During flight there is no music at all. Sure this is realistic and all, but after playing T.F.X., I want good music with all my flight sims. They could have made it an option so people can turn off the music for ultra-realism. The original Falcon 4.0 had excellent music at the front menu section, but this has been replaced in FreeFalcon 5.
Although there is an option for ForceFeedback, it does not seem to do anything. Unless it is not compatible with my Wingman Force 3D.
There were options for screen resolutions but I had to set it to the max and native res of my monitor. I found that setting it lower caused the multi-function display(MFD) text to be difficult to read. As a result the 2D cockpits all looked fat on my 1280×800 resolution.
The general sounds are standard flight sim sounds to me.There is the sidewinder growl, various radar beeps, lock and missile sirens, gun fire and missile launches and low-key explosions from either your jet or something else being hit. The only sounds that I thought was very well done are the roaring engines and the canopy opening and closing.
Here is a list of non-F-16 flyable planes I found that can be played in a campaign and have 2D and 3D cockpits: A-10 Thunderbolt II, F-4 Phantom II, B-52 Stratofortress, Mig-29 Fulcrum, AV-8B Harrier, F-14 Tomcat, Su-33 Flanker-D, F-22 Raptor, Mirage 2000, JAS-39 Gripen, AJS-37 Viggen and F-105D Thunderchief.
For those that still have the original Falcon 4.0 disc, Benchmark Sims(BMS) has a mod to improve Falcon 4.0. I have not tried it out so I do not know how good it is.
GOG.com has released a Falcon Collection which includes Falcon 4.0 v1.08 as a bonus. I have not tried it out personally, but the GOG team has confirmed that their release does work with BMS.
Reviewed version FreeFalcon 5.5.5. The original Falcon 4.0 plus the 1.08 patch just refused to work on my PC.
Since FreeFalcon 5 added lots of new stuff, I tried them out as well. As a result, this page contains information that was not featured in the original Falcon 4.0.
I really liked Gunship 2000 including Islands and Ice, Falcon 3.0, Knights of the Sky, T.F.X., Fleet Defender, F-15 Strike Eagle 3 and Jane’s Fighters Anthology.
I also liked LHX Attack Chopper and Harrier Jump Jet.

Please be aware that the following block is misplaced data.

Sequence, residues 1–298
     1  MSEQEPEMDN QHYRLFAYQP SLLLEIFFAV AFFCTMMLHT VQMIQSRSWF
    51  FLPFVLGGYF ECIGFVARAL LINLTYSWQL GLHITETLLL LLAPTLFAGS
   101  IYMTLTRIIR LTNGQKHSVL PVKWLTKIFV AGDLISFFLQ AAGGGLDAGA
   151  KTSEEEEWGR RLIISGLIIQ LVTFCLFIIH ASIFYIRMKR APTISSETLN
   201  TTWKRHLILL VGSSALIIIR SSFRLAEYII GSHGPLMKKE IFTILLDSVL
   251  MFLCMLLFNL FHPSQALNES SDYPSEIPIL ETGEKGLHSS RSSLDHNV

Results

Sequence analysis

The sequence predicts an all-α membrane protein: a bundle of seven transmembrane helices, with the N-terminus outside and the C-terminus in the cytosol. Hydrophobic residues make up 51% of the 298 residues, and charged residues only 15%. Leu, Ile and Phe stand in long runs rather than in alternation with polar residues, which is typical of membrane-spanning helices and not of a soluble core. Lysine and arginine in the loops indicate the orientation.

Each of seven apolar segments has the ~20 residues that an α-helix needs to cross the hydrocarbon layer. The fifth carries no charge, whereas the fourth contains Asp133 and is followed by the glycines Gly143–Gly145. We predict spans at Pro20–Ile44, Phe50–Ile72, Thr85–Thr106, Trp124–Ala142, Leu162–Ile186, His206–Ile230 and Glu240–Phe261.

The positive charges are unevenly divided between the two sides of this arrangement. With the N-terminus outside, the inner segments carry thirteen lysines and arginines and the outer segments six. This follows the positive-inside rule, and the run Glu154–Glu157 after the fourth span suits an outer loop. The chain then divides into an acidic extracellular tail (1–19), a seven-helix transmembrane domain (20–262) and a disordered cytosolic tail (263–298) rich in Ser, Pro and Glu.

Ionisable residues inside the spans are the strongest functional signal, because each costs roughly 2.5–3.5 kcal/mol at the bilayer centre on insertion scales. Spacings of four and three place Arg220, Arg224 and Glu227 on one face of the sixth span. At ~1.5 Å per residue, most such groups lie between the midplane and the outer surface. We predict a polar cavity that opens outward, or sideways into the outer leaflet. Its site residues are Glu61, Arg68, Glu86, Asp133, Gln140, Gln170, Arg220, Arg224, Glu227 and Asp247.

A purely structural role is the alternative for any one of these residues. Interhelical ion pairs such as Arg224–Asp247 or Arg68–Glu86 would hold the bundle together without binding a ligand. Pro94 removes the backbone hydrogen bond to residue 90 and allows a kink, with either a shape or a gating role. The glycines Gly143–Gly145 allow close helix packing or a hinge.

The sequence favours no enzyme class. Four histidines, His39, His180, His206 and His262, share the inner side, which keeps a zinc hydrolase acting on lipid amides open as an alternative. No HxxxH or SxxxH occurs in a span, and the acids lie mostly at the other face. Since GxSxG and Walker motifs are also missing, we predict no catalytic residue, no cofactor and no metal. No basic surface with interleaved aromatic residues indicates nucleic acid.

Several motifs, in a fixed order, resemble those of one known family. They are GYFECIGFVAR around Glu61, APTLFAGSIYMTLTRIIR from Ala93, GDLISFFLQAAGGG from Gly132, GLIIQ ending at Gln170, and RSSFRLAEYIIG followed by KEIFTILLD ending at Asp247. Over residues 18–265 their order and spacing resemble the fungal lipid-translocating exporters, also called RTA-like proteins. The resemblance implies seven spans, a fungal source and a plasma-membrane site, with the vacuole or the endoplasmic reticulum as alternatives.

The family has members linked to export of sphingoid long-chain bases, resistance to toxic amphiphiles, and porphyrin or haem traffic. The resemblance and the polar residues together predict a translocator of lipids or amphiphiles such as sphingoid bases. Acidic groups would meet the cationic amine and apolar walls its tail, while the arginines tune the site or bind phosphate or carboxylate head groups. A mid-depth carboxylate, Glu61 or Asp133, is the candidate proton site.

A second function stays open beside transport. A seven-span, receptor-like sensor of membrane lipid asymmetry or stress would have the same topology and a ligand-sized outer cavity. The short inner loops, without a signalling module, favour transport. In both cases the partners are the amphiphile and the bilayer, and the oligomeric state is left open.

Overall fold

I played with a mixed bag of realism settings. As I am reading the manuals and learning the accurate avionics and flight model, I played on the easier modes just to get some action happening.
I play with the easiest enemy AI settings, as the game is already difficult enough without smart enemy AI.
The F-16 Fighting Falcon was(and still is) my favourite plane, even before I played Falcon 3.0.
I like air-to-air missions more than air-to-ground missions.
I have not completed even the first 24 hours of one campaign. I have been playing many different campaigns to try out different planes.
I have not tried out the AGMs, GBUs, rockets and mid-air refuelling.
Although it is not realistic to do so, I frequently use external and full screen views as my situational awareness is not the best.
The original Falcon 4.0 was DRM free and FreeFalcon 5 is the same.
I cannot find the minimum requirements for FreeFalcon 5. And since it has been improved so much from Falcon 4.0, I do not think the original minimum requirements are relevant anymore.
One thing is for sure, joystick required!
Computer Played On
- Core 2 Duo 2.16GHz
- 2Gb RAM
- ATI Radeon X1600 256Mb RAM (laptop version)
- Logitech G35 headset and/or Realtek HD Audio(no idea what model) with Altec Lansing ACS41 speakers or Logitech ClearChat Premium PC Headset.
- Win XP Pro
- Logitech Wingman Force 3D.
- Graphics settings are set to whatever I feel comfortable with playing on this PC. They are usually not set to the highest settings. All screenshots are taken with my settings.
If you have the original Falcon 4.0 game, you can replace the FreeFalcon 5 menu music files with the original Falcon 4.0 music files.